scotartt on 17 Aug 2000 22:33:36 -0000

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[Nettime-bold] Re: <nettime> Terror In Tune Town


just to point out;

what proportion of profit does redistribute to artists? how does
that compare to say Sony Music? your personal position is very interesting,
but its the type of thing Metallica might well say about *their* record

So. I don't your statement changes my position at all. Of course I am aware
that *some* artists get paid decent money; I was exaggerating a bit
by saying they *never* pay, but overall, is STILL just the new
corporate fuck screwing artists -- just with a different model to the one
record companies use.


----- Original Message -----
From: Steven Meinking <>
To: Nettime-L <>
Sent: Wednesday, August 16, 2000 8:06 AM
Subject: re: <nettime> Terror In Tune Town

> I actually wanted to wade into this discussion some time ago, but have
> been far too busy. Scot's most recent response prompted me to
> > However as a musician, I don't find much positive development in either
> > Napster, or its trenchant corporate opposition. It, and others eg
> > etc, are just the *new* record company; one that doesn't ever pay its
> > artists anything. Its just corporations fighting other corporations
> > rarely a thought of the people they claim to represent.
> I completely disagree with the above for several reasons, and the
> statement concerning MP3.Com is blatantly false.
> I am a musician/songwriter as well. So you have an idea of where I'm
> coming from, I am against intellectual property of any kind. If Napster
> has succeeded in doing anything at all, it has been the loosening of the
> bonds of distribution and the critical raising of the issue of
> intellectual property rights. I consider both accomplishments positive
> developments, particularly in the wake of the death grip the recording
> industry has had on music for several decades now.
> As for Mp3.Com, how can I complain. I joined them around the time they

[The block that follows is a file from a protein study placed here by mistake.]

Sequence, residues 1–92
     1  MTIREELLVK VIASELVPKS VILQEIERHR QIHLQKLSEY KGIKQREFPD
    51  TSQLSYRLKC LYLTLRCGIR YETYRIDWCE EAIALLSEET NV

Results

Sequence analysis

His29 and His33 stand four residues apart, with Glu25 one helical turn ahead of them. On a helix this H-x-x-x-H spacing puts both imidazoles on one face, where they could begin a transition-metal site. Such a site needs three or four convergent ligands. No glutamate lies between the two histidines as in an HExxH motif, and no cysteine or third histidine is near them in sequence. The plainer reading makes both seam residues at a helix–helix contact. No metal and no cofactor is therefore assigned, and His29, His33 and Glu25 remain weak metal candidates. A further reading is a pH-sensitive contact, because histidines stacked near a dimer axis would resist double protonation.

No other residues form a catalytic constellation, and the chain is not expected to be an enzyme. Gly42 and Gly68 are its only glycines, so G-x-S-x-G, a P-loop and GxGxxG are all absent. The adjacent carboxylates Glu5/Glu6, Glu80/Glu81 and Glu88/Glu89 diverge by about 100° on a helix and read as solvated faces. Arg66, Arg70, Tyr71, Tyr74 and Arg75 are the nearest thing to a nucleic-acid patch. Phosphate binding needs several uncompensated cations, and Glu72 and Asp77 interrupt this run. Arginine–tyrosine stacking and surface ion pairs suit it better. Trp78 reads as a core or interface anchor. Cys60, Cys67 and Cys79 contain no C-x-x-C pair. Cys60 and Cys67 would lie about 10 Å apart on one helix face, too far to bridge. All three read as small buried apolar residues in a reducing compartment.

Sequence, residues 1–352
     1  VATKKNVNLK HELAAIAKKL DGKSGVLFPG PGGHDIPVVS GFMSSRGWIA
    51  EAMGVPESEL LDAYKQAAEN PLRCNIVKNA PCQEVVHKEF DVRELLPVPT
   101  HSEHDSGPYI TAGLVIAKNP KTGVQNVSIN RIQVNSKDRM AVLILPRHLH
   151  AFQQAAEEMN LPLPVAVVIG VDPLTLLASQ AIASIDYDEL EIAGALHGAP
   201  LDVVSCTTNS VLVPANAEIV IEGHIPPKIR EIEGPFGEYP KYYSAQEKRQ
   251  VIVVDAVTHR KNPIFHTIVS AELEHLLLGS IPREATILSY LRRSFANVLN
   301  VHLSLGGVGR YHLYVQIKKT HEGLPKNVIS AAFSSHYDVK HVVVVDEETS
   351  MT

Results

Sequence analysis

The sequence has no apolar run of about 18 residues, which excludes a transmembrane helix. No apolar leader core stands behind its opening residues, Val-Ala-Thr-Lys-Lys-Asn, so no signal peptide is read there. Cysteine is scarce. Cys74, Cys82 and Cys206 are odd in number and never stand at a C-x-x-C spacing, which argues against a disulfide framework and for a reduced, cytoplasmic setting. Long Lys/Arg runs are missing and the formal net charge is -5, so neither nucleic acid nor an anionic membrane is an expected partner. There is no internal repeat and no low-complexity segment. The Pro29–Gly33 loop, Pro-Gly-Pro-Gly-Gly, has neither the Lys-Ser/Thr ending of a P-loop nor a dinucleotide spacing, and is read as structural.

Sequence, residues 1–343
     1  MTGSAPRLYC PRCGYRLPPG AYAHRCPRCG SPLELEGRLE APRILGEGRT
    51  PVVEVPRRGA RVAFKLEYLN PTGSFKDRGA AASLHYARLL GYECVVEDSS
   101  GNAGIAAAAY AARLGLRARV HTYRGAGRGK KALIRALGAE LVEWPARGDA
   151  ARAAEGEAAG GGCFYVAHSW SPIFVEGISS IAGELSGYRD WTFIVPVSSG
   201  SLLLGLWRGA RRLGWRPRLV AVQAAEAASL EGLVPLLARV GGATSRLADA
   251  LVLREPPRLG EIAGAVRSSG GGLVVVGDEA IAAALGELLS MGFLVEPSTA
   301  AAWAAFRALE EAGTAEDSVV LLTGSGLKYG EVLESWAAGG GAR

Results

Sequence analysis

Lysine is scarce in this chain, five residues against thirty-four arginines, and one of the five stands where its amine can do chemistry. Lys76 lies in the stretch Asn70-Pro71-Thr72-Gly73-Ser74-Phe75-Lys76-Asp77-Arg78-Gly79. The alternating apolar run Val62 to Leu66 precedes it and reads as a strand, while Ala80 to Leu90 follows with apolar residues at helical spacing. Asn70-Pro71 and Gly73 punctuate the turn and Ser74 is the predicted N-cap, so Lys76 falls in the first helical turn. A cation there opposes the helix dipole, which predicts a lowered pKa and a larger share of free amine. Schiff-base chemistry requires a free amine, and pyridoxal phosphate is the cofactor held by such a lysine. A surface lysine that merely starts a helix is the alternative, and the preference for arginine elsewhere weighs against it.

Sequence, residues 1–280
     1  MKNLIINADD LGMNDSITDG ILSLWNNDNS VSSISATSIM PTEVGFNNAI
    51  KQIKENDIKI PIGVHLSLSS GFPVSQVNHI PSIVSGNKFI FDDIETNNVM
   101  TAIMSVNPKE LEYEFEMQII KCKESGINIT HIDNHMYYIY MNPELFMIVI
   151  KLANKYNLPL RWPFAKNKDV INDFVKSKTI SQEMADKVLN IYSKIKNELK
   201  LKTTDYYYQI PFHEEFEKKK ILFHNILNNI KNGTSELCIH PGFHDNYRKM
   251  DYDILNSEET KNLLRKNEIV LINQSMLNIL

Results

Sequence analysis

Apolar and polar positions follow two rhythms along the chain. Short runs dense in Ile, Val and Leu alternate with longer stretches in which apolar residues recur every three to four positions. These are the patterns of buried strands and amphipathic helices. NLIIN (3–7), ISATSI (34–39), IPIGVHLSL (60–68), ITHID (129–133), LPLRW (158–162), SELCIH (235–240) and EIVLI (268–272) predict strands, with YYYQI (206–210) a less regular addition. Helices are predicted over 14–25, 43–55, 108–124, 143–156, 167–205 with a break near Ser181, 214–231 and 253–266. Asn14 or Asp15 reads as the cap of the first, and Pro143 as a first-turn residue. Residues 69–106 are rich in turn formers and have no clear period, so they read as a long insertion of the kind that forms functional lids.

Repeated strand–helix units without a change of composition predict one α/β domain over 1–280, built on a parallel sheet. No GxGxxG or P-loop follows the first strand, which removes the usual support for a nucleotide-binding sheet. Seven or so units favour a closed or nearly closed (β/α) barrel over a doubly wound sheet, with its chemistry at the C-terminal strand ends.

> were just gathering steam, a little over a year and a half ago. My music
> is extremely diverse and very unconventional. Realistically, it had no
> chance of making a major label and thus of never being heard. Mp3.Com
> provided me an opportunity to make my music available to an audience I
> never could have dreamed of reaching, and without direct cost to me to
> boot. Thanks to Mp3.Com the world has been my stage and I've had over
> fifteen thousand people download or listen to my songs since joining
> site.
> However, that simple gratification was not the end. I have also made a
> considerable amount of money through cd sales and pay-4-play downloading,
> money which I have been paid by Mp3.Com. Considering the fact that I
> expected to make any money at all and that making music is just a hobby,
> am rather pleased that my work and effort does not go entirely
> Mp3.Com still has a long way to go in terms of building rapport with the
> artists under its wing, and they really are nothing more than a _new_
> record company, but they have paid me, I still control my music's
> availability and distribution, and my music continues to be heard around
> the world. I fail to see the negative development in that.
> Yours in auditory waves,
> Steven Meinking
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